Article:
114 v India
Champions Trophy final, The Oval
Zaman's landmark innings, in only his fourth ODI, took Pakistan to their first ICC 50-overs title in 25 years, and delivered his side the largest margin of victory ever in an ICC ODI tournament final. He started cautiously, and was let off when he edged to the keeper off a no-ball, but he then settled into an attacking groove and didn't let up. In the 26th over, he lashed Ravindra Jadeja for a six and two fours; in the 28th, he gave R Ashwin similar treatment, taking 13 runs off him. It wasn't a chanceless innings, with more than its share of edges, miscues, and clumsy running between the wickets, but for audacity and big-stage nous, it was up there.
73 v Sri Lanka
fifth ODI, Hambantota
Masakadza's innings made possible one of Zimbabwe's most significant victories in nearly a generation: it was only their third bilateral series away win against a Test nation, and the first time they had won a five-match ODI series away. He had had a fine series, with a hundred in the third match, and here he brought his A game to the chase of 204, starting off steadily (in contrast to his partner Solomon Mire, who came out guns blazing) and continuing in that vein, dropping anchor and judging the boundary balls with care. It took a superb catch by Nuwan Kulasekara to finally dismiss Masakadza as he tried to loft one over mid-off.
103 not out v India
first ODI, Mumbai
Down in the middle order so New Zealand could open with hitter Colin Munro, Latham made merry against the spinners, sweeping and reverse-sweeping in a partnership of 200 with Ross Taylor. Latham, who had scored 438 runs in India as an opener in the ODI and Test series in 2016, had the perfect plan for the increased intake of spin as a middle-order batsman: he didn't do anything extravagant, stayed back or came forward as required, and used the sweep with and against the turn. Thirty of his runs came behind square on leg, 26 of those off the sweep. Taylor later revealed that he had advised Latham to use the reverse sweep, which Latham said he had never employed in a game before and had practised going into this match. New Zealand finished with a comfortable win - their only one in the ODI series.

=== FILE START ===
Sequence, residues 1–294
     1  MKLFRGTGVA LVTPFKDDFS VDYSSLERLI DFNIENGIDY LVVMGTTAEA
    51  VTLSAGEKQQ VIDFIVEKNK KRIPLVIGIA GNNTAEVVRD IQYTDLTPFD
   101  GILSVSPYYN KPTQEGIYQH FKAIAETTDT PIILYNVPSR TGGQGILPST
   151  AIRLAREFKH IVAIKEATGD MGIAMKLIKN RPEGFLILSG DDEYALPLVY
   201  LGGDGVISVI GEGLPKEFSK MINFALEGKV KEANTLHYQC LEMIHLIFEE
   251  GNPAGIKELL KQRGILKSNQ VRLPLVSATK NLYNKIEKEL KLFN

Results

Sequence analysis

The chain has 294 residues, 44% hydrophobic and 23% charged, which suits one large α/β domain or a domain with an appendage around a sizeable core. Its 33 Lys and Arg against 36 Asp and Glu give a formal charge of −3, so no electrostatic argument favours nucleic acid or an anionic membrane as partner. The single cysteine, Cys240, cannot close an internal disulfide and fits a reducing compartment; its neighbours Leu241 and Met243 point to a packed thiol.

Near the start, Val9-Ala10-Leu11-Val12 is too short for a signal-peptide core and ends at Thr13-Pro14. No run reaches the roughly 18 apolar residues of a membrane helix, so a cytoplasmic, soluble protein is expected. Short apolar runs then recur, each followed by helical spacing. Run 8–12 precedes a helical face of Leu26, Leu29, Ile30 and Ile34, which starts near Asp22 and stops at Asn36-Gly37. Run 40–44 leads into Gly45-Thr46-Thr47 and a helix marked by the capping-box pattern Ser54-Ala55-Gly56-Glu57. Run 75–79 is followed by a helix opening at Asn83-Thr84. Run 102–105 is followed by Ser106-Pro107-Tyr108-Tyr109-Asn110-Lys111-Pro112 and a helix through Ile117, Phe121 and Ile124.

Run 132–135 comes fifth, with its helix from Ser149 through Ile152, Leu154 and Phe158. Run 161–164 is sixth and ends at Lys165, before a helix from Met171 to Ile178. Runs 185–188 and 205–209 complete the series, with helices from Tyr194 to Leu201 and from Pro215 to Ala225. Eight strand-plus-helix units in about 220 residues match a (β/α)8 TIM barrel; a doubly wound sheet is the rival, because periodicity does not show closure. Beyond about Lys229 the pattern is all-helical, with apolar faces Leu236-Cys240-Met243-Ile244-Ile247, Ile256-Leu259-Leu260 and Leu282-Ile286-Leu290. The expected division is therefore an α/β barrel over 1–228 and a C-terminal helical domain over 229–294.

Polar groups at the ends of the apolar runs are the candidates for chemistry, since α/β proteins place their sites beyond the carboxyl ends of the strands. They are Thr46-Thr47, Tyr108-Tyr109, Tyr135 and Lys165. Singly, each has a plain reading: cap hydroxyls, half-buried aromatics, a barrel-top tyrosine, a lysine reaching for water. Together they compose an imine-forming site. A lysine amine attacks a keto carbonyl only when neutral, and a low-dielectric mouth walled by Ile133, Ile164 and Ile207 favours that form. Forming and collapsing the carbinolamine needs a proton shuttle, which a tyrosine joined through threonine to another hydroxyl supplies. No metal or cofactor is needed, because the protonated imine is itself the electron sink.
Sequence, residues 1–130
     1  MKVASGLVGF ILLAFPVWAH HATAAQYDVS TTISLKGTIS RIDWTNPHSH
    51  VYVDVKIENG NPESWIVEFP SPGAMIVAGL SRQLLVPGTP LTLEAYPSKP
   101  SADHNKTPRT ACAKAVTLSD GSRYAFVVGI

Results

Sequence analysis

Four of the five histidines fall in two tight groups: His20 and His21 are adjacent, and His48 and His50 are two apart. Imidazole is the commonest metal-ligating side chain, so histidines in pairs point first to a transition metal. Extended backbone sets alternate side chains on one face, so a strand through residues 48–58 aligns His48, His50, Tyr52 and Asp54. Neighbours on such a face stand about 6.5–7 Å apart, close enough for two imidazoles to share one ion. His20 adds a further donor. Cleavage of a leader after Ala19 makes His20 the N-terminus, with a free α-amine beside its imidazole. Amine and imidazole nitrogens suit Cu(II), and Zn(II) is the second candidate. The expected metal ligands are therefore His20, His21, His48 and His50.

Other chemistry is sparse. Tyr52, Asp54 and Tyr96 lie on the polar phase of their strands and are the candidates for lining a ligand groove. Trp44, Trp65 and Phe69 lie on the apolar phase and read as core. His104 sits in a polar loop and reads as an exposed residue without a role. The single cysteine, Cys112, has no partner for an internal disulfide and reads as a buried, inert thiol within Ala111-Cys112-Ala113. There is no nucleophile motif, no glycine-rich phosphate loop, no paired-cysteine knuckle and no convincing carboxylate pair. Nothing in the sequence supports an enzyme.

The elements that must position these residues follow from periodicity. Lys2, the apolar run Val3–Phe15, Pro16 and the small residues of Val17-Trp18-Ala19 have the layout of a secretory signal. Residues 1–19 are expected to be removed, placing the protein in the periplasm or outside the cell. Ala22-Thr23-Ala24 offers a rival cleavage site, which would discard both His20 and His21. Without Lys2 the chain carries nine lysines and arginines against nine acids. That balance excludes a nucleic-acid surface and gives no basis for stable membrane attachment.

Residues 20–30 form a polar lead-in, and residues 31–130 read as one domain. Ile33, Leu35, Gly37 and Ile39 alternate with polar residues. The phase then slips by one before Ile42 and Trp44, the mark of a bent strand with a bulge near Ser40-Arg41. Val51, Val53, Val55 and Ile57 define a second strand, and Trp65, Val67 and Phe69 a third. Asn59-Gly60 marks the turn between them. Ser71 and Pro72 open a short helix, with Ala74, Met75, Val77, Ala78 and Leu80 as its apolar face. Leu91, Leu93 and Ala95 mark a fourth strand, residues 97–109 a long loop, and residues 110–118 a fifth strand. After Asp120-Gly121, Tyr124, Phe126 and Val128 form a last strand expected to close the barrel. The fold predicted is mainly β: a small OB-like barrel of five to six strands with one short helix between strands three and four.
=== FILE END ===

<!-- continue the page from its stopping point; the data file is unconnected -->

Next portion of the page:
208 not out v Sri Lanka
second ODI, Mohali
Rohit's third double-hundred set the seal on his ability to accelerate like no one else in a 50-over innings. As with his previous doubles, he started almost ponderously, taking 37 balls to get to 20, bringing up his fifty off 65, and his hundred with only ten overs left in the innings. His second hundred, though, came off 36 balls (and his overall strike rate after he gets to 100 is over 188). Sri Lanka tried everything - taking pace off the ball, bowling short, bowling yorkers both wide and traditional, and wide full-tosses - and they all met the same fate. "Once you cross the three-figure mark, batting only gets easier," Rohit said after the innings. "Unless you make a mistake, you will not get out." The world's batsmen will do well to take note. For now, Rohit seems to have trademarked the art of the 200.